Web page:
Let me say one thing very clearly: We certainly welcome the effort on the part of countries in Latin America to export more to other countries, including China; that we welcome investment opportunities that countries might seek as well. The United States remains the single largest exporter towards Latin America. Forty-three percent of all our exports worldwide go towards Latin America. And 37 percent of all direct investment in Latin America comes from the United States. The United States still plays a very, very significant role. But a country like Brazil and a country like Chile, for example, have really significantly benefited by very important exports to China. What does this do? If there’s greater commerce, if there’s greater exports, if there’s greater investments, this helps to improve living standards throughout the Americas, and that is good for all of us.
MODERATOR: Perfect. Thank you. The next question comes from a student at the University of Chile. The individual asks: Haiti faced recently a devastating earthquake, and how is it dealing with the cholera outbreak right now? If real change doesn’t come of the November elections and there continue to delay the daunting economic, social and demographic development, how long can MINUSTAH remain on the ground? Are there alternative options and do exist and do alternative options exist? And what would be the role of the United States?
UNDER SECRETARY VALENZUELA: Well, that has about five or six questions there – (laughter) – but I’ll try my best to wrap them up very closely. Obviously, the earthquake in Haiti was probably the single greatest catastrophe that has ever happened in the Western Hemisphere, historically. And it was just in one – in two minutes the equivalent of 10 million people in the United States, in terms of population difference, would have died, and that is just so devastating. And Haiti has had weak institutions and had weak economic conditions in the past. So to overcome those after this earthquake is a significant challenge.
The elections will be important. It’s important for Haiti to stabilize its governing authority. The United States remains extremely committed and strongly committed to Haiti. But I perceive that also other countries in the Western Hemisphere that have been so important in Haiti. And I’m referring to countries like Brazil, for example. Or we forget often that Uruguay is the second-largest peacekeeper in the world in terms of the size of its own population. And other countries in the Americas have been continuing to cooperate with Haiti. And we see that continuing as we move forward because we are hopeful that we can begin to turn the corner on Haiti despite the difficulties.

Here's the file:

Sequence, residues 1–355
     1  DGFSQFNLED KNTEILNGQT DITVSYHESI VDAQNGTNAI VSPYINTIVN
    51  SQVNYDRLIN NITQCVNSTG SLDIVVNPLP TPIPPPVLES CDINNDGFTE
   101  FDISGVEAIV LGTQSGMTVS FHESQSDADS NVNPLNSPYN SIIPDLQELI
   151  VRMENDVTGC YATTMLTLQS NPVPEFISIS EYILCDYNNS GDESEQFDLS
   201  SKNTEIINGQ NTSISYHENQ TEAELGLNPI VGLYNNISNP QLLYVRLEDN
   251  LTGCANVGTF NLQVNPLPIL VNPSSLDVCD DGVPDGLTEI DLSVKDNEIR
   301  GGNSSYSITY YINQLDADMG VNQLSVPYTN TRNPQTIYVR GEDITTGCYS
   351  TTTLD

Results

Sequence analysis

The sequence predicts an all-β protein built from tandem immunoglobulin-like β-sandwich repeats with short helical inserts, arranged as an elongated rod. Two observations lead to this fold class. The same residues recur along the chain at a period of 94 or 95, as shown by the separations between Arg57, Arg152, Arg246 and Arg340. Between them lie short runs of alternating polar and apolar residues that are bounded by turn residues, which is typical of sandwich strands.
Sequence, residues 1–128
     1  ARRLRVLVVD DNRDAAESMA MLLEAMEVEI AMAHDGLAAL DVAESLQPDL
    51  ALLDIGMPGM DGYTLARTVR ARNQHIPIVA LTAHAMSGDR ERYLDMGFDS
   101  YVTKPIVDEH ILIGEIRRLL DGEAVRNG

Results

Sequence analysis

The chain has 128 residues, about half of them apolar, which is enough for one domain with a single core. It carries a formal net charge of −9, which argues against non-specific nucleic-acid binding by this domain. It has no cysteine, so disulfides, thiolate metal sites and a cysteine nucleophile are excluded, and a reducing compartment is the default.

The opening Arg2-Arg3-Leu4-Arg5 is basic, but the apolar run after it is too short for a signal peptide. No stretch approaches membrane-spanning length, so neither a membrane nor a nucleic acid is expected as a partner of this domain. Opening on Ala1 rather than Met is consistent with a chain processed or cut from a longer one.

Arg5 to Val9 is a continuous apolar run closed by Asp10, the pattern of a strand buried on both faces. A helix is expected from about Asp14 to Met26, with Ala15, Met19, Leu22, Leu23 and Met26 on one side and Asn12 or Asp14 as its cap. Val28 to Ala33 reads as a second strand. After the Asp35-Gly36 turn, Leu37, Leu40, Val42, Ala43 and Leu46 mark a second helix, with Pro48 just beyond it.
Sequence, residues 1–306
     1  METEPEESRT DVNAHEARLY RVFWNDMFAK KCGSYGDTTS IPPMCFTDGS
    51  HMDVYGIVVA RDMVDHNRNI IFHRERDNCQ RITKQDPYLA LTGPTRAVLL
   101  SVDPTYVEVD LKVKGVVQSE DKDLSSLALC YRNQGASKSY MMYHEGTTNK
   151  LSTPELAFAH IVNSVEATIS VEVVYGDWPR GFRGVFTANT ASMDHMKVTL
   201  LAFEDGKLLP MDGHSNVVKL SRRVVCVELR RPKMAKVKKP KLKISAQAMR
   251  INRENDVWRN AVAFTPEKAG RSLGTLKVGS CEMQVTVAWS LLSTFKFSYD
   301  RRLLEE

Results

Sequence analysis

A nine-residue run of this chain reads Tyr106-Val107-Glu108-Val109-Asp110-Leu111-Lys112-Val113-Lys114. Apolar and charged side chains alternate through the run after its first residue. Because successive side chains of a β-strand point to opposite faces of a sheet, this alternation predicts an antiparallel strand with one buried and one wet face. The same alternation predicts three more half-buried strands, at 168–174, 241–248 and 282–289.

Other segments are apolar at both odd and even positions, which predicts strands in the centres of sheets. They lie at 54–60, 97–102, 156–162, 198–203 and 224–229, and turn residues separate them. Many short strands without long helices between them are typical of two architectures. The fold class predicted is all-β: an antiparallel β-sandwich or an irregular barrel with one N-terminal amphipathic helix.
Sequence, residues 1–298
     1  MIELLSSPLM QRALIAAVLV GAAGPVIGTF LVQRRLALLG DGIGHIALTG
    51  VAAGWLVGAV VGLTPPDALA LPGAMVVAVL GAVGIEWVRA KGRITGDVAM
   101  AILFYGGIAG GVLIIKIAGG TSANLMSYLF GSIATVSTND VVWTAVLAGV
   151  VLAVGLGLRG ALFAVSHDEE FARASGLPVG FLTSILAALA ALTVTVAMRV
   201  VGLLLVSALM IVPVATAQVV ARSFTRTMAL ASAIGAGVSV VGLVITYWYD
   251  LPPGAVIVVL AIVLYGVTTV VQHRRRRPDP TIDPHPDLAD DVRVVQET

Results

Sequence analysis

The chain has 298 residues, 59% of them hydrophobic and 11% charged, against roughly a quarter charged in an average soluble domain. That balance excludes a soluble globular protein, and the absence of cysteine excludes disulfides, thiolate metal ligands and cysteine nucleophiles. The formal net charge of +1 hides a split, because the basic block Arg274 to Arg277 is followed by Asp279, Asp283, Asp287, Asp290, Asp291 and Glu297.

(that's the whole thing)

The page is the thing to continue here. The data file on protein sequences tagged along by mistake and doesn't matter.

MODERATOR: Perfect. Thank you so much. At this time, we’re going to take a video question submitted by Michelle Marshall (ph) from here at George Washington University.
QUESTION: My name is Michelle Marshall from the George Washington University. According to some figures, the U.S. provides more aid to certain countries outside of our hemisphere than it provides to all of Latin America combined. How is this spending justified, and how does it affect our image within our own region as many neighboring countries continue to develop?
ASSISTANT SECRETARY VALENZUELA: Well, that’s a very good question. It’s a complex one because in some ways it does depend on what aid consists of. In some cases, for example, one can make a tremendous difference not with large amounts of money but with trying to come up with effective programs of assistance. If you’re talking, for example, about things like judicial reform that are so important in areas like Central America, often this doesn’t require large amounts of money. It requires the ability to get in very effective kinds of programs. So it’s not the overall amount of money that really counts.
There’s a significant amount of commitment on the part of the United States. Our budget for Latin America on assistance is about $2 billion. That does pale by comparison with other regions in the world, but we think it’s effective if we can also combine it with that of our partners. And we are in continuous conversation, for example, with the European Union, with other Europeans, with the Canadians and others to see how we can better address some of the development assistance issues in Latin America.
And then there’s a great paradox, and you mentioned the importance of the ties between our societies in terms of the populations from Latin America, particularly Central America and Mexico, living in the United States. Today, $62 billion returns from the United States through the remittances to the countries of Latin America. That 62 billion is larger than the entire assistance of the United States in the world, which is about $40 billion. That shows the commitment of families and it also gets back to your question about how we also need to address things like migration reform. Thanks.